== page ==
A factory worker, Douglas Quaid, begins to suspect that he is a spy after visiting Recall - a company that provides its clients with implanted fake memories of a life they would like to have led - goes wrong and he finds himself on the run.
The son of a virtual world designer goes looking for his father and ends up inside the digital world that his father designed. He meets his father's corrupted creation and a unique ally who was born inside the digital world.
Transported to Barsoom, a Civil War vet discovers a barren planet seemingly inhabited by 12-foot tall barbarians. Finding himself prisoner of these creatures, he escapes, only to encounter Woola and a princess in desperate need of a savior.
In a future where people stop aging at 25, but are engineered to live only one more year, having the means to buy your way out of the situation is a shot at immortal youth. Here, Will Salas finds himself accused of murder and on the run with a hostage - a connection that becomes an important part of the way against the system.
Originally adapted by director Paul Verhoeven in 1990, author Philip K. Dick's classic Sci-Fi short story We Can Remember It for You Wholesale returns to the big screen in this remake starring Colin Farrell, Bryan Cranston, and Kate Beckinsale, and directed by Underworld's Len Wiseman. The planet has been decimated by nuclear war in the late 21st century, leaving only two nations -- the United Federation of Britain and the Colony. Douglas Quaid (Farrell) is a factory worker with a stable job and a loving wife (Beckinsale), but upon learning that a company named Rekall could grant him the memory of the ultimate espionage adventure, he decides that a virtual vacation is better than no vacation at all. But in the midst of having the new memories implanted, something goes haywire. Still strapped to the chair as the system breaks down, he's branded a spy as the authorities close in, and quickly flees for his life. Later, Quaid discovers that he has a secret identity, and he joins forces ...
Dan O'Bannon is listed 3 times as writer while Philip K.Dick is not credited at all. Certainly Dick is the original writer. His fingerprints are all over the idea. See more »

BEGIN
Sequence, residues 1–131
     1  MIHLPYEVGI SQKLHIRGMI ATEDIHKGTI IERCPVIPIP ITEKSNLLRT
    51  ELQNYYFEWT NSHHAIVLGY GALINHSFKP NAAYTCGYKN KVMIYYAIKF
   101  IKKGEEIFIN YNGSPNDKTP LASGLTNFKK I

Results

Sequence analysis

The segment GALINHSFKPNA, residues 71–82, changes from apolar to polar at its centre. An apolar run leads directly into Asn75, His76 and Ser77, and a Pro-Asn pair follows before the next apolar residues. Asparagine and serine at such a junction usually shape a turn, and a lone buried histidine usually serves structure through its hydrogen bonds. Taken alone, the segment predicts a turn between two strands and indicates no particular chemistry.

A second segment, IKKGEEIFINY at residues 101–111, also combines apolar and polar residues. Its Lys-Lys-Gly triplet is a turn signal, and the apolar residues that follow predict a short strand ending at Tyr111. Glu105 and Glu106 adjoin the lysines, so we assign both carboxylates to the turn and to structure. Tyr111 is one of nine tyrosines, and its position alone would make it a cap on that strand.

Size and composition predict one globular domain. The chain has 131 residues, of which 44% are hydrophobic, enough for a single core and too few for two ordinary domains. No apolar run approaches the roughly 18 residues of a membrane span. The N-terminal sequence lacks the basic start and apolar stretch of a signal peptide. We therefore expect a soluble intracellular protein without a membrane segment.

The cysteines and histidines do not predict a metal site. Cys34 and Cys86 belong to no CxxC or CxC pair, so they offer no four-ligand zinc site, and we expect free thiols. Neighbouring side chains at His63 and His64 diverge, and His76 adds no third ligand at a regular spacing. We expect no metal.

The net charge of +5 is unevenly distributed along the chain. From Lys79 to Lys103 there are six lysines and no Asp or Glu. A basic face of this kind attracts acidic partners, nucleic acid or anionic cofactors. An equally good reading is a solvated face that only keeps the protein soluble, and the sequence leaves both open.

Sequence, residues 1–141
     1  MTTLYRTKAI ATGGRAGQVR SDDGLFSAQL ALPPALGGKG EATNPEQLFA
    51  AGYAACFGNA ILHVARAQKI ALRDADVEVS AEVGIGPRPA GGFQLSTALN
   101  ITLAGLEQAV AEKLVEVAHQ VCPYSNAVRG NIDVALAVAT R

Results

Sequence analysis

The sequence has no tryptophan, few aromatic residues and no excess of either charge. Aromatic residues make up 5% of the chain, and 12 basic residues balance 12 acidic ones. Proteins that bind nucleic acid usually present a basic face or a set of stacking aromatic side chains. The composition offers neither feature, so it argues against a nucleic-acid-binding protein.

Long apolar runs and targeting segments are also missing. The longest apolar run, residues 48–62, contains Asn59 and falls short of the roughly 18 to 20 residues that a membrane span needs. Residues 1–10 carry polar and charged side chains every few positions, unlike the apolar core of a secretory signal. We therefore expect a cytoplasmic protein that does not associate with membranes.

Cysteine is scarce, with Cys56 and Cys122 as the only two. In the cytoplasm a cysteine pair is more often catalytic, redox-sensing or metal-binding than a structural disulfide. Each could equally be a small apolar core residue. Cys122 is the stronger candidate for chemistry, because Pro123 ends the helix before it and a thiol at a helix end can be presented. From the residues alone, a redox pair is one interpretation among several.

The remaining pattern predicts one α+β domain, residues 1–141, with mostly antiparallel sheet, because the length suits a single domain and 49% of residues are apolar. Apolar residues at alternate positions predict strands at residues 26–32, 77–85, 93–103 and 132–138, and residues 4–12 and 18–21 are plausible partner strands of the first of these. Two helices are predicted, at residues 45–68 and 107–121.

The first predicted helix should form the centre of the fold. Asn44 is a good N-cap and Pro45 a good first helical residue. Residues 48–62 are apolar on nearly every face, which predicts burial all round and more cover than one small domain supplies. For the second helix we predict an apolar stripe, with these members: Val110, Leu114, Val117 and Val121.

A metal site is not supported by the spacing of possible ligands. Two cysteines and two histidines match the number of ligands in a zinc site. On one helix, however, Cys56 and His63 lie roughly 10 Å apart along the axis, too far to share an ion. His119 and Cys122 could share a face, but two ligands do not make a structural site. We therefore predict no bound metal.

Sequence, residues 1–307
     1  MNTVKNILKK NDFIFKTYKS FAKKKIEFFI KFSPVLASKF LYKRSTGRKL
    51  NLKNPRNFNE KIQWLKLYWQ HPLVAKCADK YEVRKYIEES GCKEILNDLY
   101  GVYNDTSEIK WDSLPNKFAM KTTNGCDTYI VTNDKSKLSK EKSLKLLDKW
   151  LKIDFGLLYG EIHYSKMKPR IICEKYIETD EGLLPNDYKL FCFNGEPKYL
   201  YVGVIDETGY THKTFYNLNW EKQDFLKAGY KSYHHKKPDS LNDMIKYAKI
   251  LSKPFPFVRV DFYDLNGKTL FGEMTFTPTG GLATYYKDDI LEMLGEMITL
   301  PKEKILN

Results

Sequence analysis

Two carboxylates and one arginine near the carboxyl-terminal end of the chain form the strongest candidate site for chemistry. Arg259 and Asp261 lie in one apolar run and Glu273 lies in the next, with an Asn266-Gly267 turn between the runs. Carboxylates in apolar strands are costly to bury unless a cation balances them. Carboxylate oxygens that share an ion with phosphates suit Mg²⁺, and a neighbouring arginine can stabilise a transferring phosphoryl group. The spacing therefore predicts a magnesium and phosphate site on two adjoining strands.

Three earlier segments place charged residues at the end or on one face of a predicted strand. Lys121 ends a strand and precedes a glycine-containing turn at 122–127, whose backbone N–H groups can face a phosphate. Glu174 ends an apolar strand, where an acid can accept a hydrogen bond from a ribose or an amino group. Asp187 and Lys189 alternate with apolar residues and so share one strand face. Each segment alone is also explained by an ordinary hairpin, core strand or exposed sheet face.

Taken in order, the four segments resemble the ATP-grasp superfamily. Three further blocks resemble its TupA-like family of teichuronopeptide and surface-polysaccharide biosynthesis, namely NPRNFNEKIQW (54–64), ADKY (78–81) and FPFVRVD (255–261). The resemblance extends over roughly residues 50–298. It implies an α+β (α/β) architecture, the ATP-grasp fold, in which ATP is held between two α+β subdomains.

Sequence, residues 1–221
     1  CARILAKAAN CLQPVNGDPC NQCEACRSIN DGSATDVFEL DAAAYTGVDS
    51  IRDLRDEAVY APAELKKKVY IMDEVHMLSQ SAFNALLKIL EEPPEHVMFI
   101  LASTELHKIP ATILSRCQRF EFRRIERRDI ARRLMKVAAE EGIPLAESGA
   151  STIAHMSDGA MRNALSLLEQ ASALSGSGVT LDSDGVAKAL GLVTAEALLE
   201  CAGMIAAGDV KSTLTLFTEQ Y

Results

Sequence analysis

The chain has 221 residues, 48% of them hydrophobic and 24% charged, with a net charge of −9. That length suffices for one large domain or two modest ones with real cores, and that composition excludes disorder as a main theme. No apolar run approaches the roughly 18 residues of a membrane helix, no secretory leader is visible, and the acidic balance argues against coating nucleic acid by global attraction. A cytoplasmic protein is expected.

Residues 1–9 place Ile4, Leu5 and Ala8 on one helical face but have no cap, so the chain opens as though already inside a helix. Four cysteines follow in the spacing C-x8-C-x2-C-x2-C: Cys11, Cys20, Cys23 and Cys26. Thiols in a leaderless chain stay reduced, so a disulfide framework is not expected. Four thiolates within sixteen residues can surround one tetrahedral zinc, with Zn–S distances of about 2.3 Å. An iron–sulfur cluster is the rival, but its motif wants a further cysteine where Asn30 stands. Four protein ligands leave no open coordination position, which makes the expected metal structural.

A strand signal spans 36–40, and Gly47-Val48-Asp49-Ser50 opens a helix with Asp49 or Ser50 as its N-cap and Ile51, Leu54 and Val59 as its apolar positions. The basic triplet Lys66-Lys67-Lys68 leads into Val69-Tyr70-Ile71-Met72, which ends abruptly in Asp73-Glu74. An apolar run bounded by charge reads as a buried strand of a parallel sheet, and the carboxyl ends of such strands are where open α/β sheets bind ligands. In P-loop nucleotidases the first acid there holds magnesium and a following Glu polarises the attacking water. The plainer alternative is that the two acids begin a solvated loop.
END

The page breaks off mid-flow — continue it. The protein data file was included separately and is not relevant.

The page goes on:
When Harry and Doug are about to board the Fall, the announcement mentions that the travel time to the United Federation of Britain is 17 minutes. Seconds later, when the departure/arrival screen is shown on-board the Fall, departure time at the Colony is indicated as 01:35 and arrival time at UFB is indicated as 01:42, which makes for a travel time of only 7 minutes, and not 17 minutes. See more »
Agreed it is flawed , but it's nowhere near the disaster of a film thats it's made out to be.
In the far, far, future. Doug Quaid(Colin Farrell) a factory worker, and is happily married to Lori(Kate Beckinsale), but feels his life has more to it then it should be, goes to a place called Rekall, a place that can make fantasizes as real has possible. But when they hook him up to the machine, he suddenly being called a spy, and troops come in, and Quaid takes them out(Jason Bourne style), he goes on the run, and goes home in hopes that Lori will help, but she quickly tries to kill, only to discover that the life he thought was his, is not. He catches up to Melina(Jessica Biel), someone who helps him, and she might be from his past? Will they uncover the truth before it's late?
The futuristic setting is awesome. Colin Farrell is good, so is Bryan Cranston has the main villain. Kate Beckinsale steals the show as the evil Lori. Now Jessica Biel is so bland as Melina, there is nothing to her character, she is just there, nothing more. Action scenes, and effects don't disappoint. It's not as humorous like the original, but still an enjoyable popcorn action flick.
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